based on the environment variable SHELL which is in almost all
- Enabling this option forces loading of expired CRLs; this
is only useful for debugging.
- Entirely disables the use of LDAP.
- Entirely disables the use of HTTP.
- When looking for the location of a CRL, the to be tested
certificate usually contains so called CRL Distribution Point (DP) entries
which are URLs describing the way to access the CRL. The first found DP
entry is used. With this option all entries using the HTTP scheme are
ignored when looking for a suitable DP.
- This is similar to --ignore-http-dp but ignores
entries using the LDAP scheme. Both options may be combined resulting in
ignoring DPs entirely.
- Ignore all OCSP URLs contained in the certificate. The
effect is to force the use of the default responder.
- If the environment variable `http_proxy' has been
set, use its value to access HTTP servers.
- --http-proxy host[:port]
- Use host and port to access HTTP servers. The
use of this options overrides the environment variable `
http_proxy' regardless whether --honor-http-proxy has been
- --ldap-proxy host[:port]
- Use host and port to connect to LDAP servers.
If port is omitted, port 389 (standard LDAP port) is used. This
overrides any specified host and port part in a LDAP URL and will also be
used if host and port have been omitted from the URL.
- Never use anything else but the LDAP "proxy" as
configured with --ldap-proxy. Usually dirmngr tries to use
other configured LDAP server if the connection using the "proxy"
- --ldapserverlist-file file
- Read the list of LDAP servers to consult for CRLs and
certificates from file instead of the default per-user ldap server list
file. The default value for file is
`dirmngr_ldapservers.conf' or ` ldapservers.conf' when
running in --daemon mode.
This server list file contains one LDAP server per line in the format
Lines starting with a '#' are comments.
Note that as usual all strings entered are expected to be UTF-8 encoded.
Obviously this will lead to problems if the password has orginally been
encoded as Latin-1. There is no other solution here than to put such a
password in the binary encoding into the file (i.e. non-ascii characters
won't show up readable). ([The gpgconf tool might be helpful for
frontends as it allows one to edit this configuration file using percent
- --ldaptimeout secs
- Specify the number of seconds to wait for an LDAP query
before timing out. The default is currently 100 seconds. 0 will never
- This options makes dirmngr add any servers it discovers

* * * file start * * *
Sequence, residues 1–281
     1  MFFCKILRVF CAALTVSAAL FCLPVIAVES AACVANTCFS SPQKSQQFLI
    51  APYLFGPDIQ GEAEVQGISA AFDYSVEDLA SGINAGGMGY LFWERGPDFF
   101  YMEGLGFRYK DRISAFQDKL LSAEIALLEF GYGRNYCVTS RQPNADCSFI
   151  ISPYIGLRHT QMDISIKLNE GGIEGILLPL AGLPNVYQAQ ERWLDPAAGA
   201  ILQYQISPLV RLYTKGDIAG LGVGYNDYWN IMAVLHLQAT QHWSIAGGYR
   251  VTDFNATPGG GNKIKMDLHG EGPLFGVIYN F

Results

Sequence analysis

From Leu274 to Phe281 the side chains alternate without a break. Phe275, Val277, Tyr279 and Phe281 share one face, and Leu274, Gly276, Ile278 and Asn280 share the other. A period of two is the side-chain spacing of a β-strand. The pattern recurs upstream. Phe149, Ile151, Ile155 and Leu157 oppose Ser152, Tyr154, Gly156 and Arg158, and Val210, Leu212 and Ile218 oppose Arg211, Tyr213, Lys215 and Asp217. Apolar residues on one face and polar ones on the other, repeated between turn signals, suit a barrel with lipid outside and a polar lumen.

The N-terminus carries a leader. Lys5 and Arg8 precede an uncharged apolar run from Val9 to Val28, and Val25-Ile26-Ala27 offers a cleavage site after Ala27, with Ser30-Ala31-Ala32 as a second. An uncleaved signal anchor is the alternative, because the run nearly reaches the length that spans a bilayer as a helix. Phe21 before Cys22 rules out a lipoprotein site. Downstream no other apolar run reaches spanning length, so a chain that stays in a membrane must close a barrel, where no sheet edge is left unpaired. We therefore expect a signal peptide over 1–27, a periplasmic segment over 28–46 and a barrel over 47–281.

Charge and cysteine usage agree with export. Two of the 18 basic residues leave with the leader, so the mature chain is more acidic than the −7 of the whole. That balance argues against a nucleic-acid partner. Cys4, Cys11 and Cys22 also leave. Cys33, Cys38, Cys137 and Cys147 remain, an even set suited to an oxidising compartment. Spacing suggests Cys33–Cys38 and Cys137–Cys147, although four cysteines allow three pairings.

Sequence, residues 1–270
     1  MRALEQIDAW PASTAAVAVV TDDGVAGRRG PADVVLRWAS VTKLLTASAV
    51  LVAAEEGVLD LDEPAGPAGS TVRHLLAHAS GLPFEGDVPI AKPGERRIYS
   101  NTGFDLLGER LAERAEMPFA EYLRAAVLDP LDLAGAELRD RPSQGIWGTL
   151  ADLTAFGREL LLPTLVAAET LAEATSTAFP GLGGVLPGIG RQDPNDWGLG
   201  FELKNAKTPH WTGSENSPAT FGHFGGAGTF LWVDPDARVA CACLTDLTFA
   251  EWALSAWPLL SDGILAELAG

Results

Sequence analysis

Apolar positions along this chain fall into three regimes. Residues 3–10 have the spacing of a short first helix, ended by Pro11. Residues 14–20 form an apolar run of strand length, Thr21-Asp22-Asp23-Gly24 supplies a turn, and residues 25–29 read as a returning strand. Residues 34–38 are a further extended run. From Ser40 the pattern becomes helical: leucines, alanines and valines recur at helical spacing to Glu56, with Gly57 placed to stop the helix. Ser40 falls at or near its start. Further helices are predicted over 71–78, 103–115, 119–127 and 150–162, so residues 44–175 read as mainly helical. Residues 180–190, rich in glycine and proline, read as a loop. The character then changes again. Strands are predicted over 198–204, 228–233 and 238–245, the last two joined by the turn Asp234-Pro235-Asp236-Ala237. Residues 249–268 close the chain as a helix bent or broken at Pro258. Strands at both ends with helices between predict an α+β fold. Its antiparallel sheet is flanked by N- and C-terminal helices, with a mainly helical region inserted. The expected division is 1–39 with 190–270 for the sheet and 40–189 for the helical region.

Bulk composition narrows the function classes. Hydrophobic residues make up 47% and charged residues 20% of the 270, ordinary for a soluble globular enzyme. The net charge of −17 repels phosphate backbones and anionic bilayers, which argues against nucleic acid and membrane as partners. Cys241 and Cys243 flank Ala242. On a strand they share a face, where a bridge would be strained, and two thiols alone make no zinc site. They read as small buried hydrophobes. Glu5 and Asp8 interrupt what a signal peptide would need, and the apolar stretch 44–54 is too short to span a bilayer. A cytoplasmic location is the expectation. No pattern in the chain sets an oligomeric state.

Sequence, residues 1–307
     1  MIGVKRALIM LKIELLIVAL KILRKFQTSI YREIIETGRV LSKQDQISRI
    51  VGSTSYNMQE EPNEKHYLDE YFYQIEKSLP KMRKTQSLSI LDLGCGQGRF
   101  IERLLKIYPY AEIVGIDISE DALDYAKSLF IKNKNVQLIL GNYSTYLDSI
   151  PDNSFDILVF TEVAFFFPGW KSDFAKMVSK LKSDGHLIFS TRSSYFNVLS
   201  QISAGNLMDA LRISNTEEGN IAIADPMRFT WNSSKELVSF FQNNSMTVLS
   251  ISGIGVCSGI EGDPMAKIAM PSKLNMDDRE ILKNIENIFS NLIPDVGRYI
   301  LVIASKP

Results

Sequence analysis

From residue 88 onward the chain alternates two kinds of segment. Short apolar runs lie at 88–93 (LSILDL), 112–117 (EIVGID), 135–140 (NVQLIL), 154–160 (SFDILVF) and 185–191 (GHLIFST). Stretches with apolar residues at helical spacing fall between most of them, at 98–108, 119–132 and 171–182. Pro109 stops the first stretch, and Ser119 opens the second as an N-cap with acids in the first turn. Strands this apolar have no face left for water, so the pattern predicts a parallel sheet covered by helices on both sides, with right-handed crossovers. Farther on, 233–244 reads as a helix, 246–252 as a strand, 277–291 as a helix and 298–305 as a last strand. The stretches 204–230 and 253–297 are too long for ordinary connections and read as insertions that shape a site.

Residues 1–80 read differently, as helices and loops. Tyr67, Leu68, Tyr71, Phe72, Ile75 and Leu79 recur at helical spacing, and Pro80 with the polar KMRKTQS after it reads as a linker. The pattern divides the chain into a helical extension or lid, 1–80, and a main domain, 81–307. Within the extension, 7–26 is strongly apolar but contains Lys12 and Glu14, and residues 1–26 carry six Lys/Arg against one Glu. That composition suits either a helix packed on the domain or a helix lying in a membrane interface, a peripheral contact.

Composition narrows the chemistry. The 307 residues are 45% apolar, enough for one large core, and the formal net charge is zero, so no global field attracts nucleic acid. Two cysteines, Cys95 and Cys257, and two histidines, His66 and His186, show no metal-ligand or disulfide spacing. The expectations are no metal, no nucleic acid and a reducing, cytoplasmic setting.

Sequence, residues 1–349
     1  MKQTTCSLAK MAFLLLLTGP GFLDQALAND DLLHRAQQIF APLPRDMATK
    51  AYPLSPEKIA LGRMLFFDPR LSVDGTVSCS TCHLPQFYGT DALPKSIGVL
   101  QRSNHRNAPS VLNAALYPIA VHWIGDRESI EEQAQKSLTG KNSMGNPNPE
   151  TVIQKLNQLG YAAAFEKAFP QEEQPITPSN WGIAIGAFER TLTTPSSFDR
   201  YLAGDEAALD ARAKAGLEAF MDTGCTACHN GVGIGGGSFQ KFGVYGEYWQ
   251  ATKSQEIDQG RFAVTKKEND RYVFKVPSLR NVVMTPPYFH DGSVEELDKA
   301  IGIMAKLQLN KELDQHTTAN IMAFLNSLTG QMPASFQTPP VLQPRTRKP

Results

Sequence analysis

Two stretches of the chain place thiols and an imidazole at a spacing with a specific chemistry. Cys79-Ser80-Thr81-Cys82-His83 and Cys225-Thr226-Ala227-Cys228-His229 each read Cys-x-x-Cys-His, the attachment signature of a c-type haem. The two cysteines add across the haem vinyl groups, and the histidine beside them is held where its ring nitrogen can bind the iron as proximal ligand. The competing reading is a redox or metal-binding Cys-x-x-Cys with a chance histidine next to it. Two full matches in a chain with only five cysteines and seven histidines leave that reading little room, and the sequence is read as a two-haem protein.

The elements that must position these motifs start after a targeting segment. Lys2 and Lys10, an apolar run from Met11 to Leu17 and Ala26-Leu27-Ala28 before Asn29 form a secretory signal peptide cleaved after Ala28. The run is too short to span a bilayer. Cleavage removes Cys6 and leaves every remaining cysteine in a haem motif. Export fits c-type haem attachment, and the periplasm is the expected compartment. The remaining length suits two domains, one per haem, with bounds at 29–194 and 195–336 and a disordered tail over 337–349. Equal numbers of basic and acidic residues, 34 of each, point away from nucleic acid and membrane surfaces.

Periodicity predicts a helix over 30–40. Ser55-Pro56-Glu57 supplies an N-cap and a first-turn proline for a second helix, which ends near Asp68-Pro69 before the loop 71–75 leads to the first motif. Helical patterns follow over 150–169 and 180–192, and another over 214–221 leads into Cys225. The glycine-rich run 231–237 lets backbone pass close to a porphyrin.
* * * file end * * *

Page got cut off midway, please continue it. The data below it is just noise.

when validating certificates against CRLs to the internal list of servers
to consult for certificates and CRLs.
This options is useful when trying to validate a certificate that has a CRL
distribution point that points to a server that is not already listed in
the ldapserverlist. Dirmngr will always go to this server and try to
download the CRL, but chances are high that the certificate used to sign
the CRL is located on the same server. So if dirmngr doesn't add that new
server to list, it will often not be able to verify the signature of the
CRL unless the --add-servers option is used.
Note: The current version of dirmngr has this option disabled by default.
- This option enables OCSP support if requested by the
OCSP requests are rejected by default because they may violate the privacy
of the user; for example it is possible to track the time when a user is
reading a mail.
- --ocsp-responder url
- Use url as the default OCSP Responder if the
certificate does not contain information about an assigned responder.
Note, that --ocsp-signer must also be set to a valid certificate.
- --ocsp-signer fpr|file
- Use the certificate with the fingerprint fpr to
check the responses of the default OCSP Responder. Alternativly a filename
can be given in which case the respinse is expected to be signed by one of
the certificates described in that file. Any argument which contains a
slash, dot or tilde is considered a filename. Usual filename expansion
takes place: A tilde at the start followed by a slash is replaced by the
content of ` HOME', no slash at start describes a relative filename
which will be searched at the home directory. To make sure that the
file is searched in the home directory, either prepend the name
with "./" or use a name which contains a dot.